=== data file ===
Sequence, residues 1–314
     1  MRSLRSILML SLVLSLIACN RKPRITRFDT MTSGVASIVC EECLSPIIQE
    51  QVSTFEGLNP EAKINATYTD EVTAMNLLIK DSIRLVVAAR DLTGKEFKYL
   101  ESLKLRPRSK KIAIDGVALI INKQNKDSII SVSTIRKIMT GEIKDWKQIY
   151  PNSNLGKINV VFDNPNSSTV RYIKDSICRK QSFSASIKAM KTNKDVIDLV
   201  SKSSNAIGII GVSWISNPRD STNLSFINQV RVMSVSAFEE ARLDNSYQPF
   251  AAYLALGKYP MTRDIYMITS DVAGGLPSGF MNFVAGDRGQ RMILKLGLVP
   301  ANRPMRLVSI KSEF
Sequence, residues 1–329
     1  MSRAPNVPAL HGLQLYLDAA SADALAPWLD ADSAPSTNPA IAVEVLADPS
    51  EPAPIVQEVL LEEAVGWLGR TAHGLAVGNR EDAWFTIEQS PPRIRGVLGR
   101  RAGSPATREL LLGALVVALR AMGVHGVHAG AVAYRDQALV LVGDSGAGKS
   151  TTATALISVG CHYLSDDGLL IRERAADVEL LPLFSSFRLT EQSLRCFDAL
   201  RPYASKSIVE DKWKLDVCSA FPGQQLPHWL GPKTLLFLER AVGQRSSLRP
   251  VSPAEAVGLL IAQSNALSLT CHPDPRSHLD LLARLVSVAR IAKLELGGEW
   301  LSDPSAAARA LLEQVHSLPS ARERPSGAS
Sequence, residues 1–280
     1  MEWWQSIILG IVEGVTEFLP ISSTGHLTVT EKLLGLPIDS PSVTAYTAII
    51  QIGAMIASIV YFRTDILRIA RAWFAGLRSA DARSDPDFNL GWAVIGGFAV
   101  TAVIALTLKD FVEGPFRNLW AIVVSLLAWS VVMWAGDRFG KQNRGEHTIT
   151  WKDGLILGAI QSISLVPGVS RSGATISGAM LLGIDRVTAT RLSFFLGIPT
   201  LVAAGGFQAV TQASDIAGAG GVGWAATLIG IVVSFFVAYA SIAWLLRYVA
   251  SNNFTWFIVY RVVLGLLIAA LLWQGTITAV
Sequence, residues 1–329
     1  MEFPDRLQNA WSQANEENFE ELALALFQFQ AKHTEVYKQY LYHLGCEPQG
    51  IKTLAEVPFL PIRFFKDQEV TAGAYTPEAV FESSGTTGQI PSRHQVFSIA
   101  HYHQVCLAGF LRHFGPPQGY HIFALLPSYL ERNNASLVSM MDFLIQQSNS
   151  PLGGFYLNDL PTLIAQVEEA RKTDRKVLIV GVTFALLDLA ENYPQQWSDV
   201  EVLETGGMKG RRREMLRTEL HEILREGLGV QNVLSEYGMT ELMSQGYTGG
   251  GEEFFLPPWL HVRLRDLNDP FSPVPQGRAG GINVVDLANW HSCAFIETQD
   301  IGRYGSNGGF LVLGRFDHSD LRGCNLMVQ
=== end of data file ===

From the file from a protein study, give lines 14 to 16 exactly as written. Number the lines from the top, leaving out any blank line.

   201  RPYASKSIVE DKWKLDVCSA FPGQQLPHWL GPKTLLFLER AVGQRSSLRP
   251  VSPAEAVGLL IAQSNALSLT CHPDPRSHLD LLARLVSVAR IAKLELGGEW
   301  LSDPSAAARA LLEQVHSLPS ARERPSGAS